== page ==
Goodbye, Stranger


A man who don’t want lovers. He wants enemy to take him cruelly and shake the fairy out of him. Here the extract :

"I don't want lovers. I want an enemy to take me cruelly and shake the fairy out of me — and leave me a man — and leave me sad but wise, like a man."

Lena would not admit that she was surprised and puzzled, so she said nothing. She scarcely ever replied, which saved her a great deal of trouble and humiliation. Surprise did not show in her face, which was set in a mould of sadness and hostility.

"You could teach me wisdom," said Clifford. "You may not be at home in the world, but you don't look outside it. You are an enemy to fairies. I wish I could lie in your arms and so learn wisdom."

Lena's heart beat more quickly. But she said nothing at all.

"Oh hell," said Clifford. "I forgot. Two Chinese are having tea with us. I wish Daley wasn't so damn kind."

Daley is his wife. You can now imagine this story…

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Come Along, Lena

Two Chinese Having Tea

Daley Cotton

Old Mrs. Cotton

The Victrola

The Dog

Lion and Daley

Lena and Lion

Whole House Spotted with C.C.C.s


Her dog Josephine

The new Daley

Daley, Lena and the doctor

Lena was a Sick Woman

Mr Diamond, a gentleman

Lena’s Husband

Old Mrs. Cotton, an insular

Milady and Edna

We do not Know the Hearts of Foreigners

Her Dogs

His Passion for Daley

He Committed Suicide

Is she got Pluck ?


No Husband and No Music

A Moon of her Childhood


The Dog

A Coolie

It had begun to rain as Lena, Daley and Clifford walked behind a coolie with a lantern towards the consul's compound. Gigantic shadows of the coolie's hurrying legs, so close to the lantern, snapped like great scissors along the wet whitewashed wall. Across the glow immediately around the lantern the rain seemed to fall slowly like snow. There was a restless murmuring of rain among the eucalyptus trees.

Mr. Diamond, the consul, always kind, had had his piano carried into the shed. Rows of assorted chairs looked rather hopelessly at the piano and listened to the high smooth stir of the rain outside. Daley's three dogs, their fur pommaded by the rain, bustled in and smelt the piano. One by one they set their seal of approval upon the piano in their own frank but rather regrettable way. Every one pretended not to notice this.

"You brave people. You brave people," said Mr. Diamond, coming forward to take Daley's hand and to hang up her wet coat. "Heaven doesn't seem to have blessed our venture, but our Daley can always be trusted to defy Heaven."

Mr. Diamond was always rather sprightly, but tonight the sprightliness seemed to have gone deeper than usual and he was sprightly all through. The chair from which he had risen as Daley came in was cheek by jowl with the chair on which the orange-haired Milady still sat. Edna was sorting music soberly at a little distance.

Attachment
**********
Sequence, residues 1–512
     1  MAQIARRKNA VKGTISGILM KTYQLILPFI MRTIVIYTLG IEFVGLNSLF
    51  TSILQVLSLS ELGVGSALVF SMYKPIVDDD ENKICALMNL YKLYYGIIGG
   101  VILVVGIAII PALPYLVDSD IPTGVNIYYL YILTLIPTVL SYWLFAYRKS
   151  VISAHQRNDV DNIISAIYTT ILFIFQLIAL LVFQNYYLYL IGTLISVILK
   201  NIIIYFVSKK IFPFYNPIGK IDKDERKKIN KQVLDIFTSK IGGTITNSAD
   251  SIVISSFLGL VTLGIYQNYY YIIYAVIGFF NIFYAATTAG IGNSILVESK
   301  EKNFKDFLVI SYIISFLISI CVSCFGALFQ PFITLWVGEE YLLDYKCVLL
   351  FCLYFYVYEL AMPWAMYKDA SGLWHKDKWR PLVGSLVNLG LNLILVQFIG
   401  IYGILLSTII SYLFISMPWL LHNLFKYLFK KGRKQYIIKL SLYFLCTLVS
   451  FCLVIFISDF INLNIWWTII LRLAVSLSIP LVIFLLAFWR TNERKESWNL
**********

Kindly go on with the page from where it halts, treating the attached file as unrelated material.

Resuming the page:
"Well Lena, we're all in clover!" shouted Milady. "You're not the only one, you needn't think. Mr. Diamond's stood me an' Edna a terrific feed and fizz to beat the band."

She leaned over the arm of her chair and shook her finger roguishly at Mr. Diamond. Her fat knees were wide apart in her tight sky-blue satin skirt; her manner of brawling triumph spoke rather pathetically of anxieties for the moment forgotten.

Mr. Diamond looked pleased but at the same time gentlemanly.

"There is something of the knight-errant in me," he said. "I couldn't think of leaving two fair ladies at the mercy of whatever dinner the doctor's poor old cook might provide. And again, apart from all unselfish considerations, I thought we should all prefer music that wasn't inspired by indigestion."

"Aren't you a scream," said Milady. And in the silence that followed her loud giggle, Clifford could be clearly heard at the door saying to Lena, "I shall watch your face the whole time."

"Just listen to Clifford!" exclaimed Daley. "I warn everybody that he's been married seven years. You can see that for yourselves by the fact that he doesn't offer to help the lady off with her wet coat."

"The Apache method," murmured Mr. Diamond. Every one was beginning to get a little tired of trying to be amusing when Lion came in and the whole effort had to be renewed.

"Rain, rain, rain," said Lion. He and Mr. Diamond disliked each other and always met in an explosion of heartiness.

"Rain, rain, rain and yet more rain," echoed Mr. Diamond helpfully. "I foresee a flood and these ladies obliged to stay with us Noahs in the Ark. We shall have music every night."

"And fizz," suggested Milady.

"I've only got one case," said Mr. Diamond. "Noah, I suppose, had at least a pair. But such as it is, it is yours. A poor thing but your own."

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